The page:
UNK baseball, men’s golf, men’s tennis to be eliminated in budget-reduction plan

KEARNEY – Facing a $3.4 million budget gap, University of Nebraska at Kearney Chancellor Doug Kristensen today announced unprecedented campus reductions that include eliminating Loper baseball, men’s tennis and men’s golf programs.

The athletics news was discussed today at a campuswide budget forum that also includes personnel and operational reductions in UNK administration and support staff (7,000), faculty (.52 million), and business and facilities personnel (9,475). The sport reductions will save UNK 0,000 annually.

Doug Kristensen
Doug Kristensen
Paul Plinske
Paul Plinske

“The fact that we developed these recommendations collaboratively across campus doesn’t lessen the negative impact on faculty, staff and students,” Kristensen said. “Sport elimination is particularly difficult because it directly impacts 56 student-athletes and 10 incoming freshmen.”

UNK Director of Athletics Paul Plinske said student-athletes’ scholarships will be honored through their remaining eligibility. and UNK will support the athletes in their efforts to find new teams, and to transfer if they desire.

“This is a very tough day for Loper athletics,” said Plinske. “Difficult times require difficult decisions, and none are as hard as those that affect the lives of our students.

“We will stay focused on being positive about the many accomplishments of these teams and will support our student-athletes and coaches who are most affected by this news.”

Kristensen said a careful analysis of the costs associated with offering 17 sports was conducted. While the average number of sports offered by MIAA peers is 13.4, UNK’s lineup of 17 sports is the most of any public university in the conference.

“Title IX compliance prohibited our consideration of eliminating any women’s sport and the MIAA conference requires sponsorship of football and basketball,” he said. “From there we analyzed operational and personnel costs, facility and travel costs, and looked at sports that lack opportunity for home competitions because of Nebraska’s spring climate.”

“We’ve done our best for a long time and have asked a lot of our supporters over the years, but unfortunately 17 sports are not sustainable given the economic environment,” Plinske said. “These student-athletes are tremendous ambassadors for our university and deserve our support as they complete this season.”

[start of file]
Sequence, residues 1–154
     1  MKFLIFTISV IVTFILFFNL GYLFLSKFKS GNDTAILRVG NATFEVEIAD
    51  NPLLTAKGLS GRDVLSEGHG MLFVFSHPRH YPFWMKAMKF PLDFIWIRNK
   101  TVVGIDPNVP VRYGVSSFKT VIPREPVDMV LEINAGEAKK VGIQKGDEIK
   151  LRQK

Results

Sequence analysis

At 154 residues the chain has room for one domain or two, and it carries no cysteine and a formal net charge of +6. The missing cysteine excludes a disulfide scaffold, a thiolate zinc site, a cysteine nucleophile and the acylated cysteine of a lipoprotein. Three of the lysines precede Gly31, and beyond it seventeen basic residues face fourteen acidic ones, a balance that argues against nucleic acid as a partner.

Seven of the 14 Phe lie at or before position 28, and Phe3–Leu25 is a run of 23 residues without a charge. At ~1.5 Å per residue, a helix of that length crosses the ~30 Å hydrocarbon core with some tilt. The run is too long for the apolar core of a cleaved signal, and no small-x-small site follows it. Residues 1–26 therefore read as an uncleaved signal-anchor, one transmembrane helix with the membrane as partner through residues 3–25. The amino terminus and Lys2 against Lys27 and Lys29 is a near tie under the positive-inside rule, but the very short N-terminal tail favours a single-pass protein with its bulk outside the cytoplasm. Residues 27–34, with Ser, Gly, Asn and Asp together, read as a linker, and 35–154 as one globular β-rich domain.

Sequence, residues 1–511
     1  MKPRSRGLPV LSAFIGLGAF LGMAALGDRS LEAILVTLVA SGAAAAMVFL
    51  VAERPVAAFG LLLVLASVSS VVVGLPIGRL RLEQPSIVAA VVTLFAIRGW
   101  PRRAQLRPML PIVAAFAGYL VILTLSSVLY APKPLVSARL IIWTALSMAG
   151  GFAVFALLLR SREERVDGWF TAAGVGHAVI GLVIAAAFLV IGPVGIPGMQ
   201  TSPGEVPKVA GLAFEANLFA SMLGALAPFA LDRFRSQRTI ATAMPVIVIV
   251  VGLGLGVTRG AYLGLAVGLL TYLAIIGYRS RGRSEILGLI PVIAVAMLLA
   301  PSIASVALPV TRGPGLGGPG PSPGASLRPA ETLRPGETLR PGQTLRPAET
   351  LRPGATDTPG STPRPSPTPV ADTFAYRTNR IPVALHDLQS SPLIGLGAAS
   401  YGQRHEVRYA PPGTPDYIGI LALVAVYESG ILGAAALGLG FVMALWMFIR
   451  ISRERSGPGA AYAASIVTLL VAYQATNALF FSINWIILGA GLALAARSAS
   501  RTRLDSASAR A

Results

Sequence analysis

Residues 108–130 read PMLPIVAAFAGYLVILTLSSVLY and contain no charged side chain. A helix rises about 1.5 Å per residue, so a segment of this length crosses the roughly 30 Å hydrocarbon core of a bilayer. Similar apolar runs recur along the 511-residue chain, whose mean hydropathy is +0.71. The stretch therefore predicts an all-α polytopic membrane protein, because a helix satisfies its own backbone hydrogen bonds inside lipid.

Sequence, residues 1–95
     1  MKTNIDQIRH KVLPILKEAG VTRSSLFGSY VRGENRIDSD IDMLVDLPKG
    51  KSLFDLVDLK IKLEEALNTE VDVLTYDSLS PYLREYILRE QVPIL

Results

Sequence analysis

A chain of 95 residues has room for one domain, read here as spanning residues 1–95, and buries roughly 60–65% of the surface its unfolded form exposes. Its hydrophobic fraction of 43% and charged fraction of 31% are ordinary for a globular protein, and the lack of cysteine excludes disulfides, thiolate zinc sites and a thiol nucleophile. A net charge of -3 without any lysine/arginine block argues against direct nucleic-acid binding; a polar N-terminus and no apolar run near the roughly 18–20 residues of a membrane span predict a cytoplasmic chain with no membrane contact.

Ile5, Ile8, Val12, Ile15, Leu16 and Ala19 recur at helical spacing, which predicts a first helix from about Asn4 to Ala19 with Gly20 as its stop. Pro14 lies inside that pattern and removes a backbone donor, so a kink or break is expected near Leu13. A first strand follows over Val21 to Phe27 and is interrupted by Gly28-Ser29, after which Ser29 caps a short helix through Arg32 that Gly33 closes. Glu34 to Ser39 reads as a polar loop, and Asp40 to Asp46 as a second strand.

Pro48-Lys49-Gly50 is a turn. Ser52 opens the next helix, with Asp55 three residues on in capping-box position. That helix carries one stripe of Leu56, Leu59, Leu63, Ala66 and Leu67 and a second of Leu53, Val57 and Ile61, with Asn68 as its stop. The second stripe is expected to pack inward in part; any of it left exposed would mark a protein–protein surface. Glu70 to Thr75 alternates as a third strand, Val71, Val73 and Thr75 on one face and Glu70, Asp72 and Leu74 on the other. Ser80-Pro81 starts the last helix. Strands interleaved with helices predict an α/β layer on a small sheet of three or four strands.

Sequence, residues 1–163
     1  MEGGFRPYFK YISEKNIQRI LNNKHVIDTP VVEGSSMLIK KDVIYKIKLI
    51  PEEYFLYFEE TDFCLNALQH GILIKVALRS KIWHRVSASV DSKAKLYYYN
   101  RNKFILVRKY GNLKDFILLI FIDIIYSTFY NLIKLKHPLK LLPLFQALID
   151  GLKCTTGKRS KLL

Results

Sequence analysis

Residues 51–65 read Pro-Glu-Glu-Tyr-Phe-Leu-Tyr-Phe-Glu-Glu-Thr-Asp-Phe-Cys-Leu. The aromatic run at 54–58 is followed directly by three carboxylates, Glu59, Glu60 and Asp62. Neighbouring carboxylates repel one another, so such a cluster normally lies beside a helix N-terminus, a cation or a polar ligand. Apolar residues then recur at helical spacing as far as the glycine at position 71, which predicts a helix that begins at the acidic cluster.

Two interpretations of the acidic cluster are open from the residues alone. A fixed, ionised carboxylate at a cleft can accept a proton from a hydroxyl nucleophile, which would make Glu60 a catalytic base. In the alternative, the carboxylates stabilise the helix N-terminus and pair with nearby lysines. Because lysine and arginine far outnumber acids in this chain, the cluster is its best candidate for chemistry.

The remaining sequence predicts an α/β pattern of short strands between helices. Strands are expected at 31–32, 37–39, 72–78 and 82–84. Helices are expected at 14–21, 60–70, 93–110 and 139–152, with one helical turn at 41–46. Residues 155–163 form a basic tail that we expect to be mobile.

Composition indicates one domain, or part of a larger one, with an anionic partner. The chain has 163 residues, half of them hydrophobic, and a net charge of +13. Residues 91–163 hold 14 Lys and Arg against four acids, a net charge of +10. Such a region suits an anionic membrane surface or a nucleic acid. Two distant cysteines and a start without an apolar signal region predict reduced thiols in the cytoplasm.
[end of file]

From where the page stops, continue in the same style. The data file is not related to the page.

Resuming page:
Plinske said three coaching positions will be phased out over the next year while the women’s tennis coaches will remain on staff.

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UNK Intercollegiate Athletics Sport Reductions

Questions & Answers

The University of Nebraska Kearney faces a $3.4 million budget gap in 2018-19. To address this significant gap, UNK anticipates reductions that will affect academic and operational units as well as athletics.

Why reductions in athletics?  UNK is having to make unprecedented reductions across campus including deep reductions in administration and support staff ($837,000), faculty ($1,551,872), and business and operations personnel ($829,475). Because athletics is primarily funded by the university, and in light of reduced state appropriations and declining enrollment, the university is no longer able to support 17 varsity sports.

How does UNK compare to Mid America Intercollegiate Athletic Association peers? MIAA conference peers, on average, sponsor 13.4 varsity sports. With 17 sports (9 women, 8 men), UNK offers the most sports in the conference other than Lindenwood, which is a private school.

Why not make other reductions instead of eliminating sports? Budgets have already been trimmed. Further across-the-board cuts will negatively affect the student-athlete experience and be detrimental to competitiveness of all varsity sports.

Which sports are being eliminated and how much will department expenditures be reduced? Baseball, men’s golf and men’s tennis will be discontinued at the conclusion of the spring 2018 season reducing athletics’ expenditures by $450,000 when fully implemented.

How many student-athletes will be affected? 56 current student-athletes and approximately 10 high school seniors who have signed National Letters of Intent with UNK.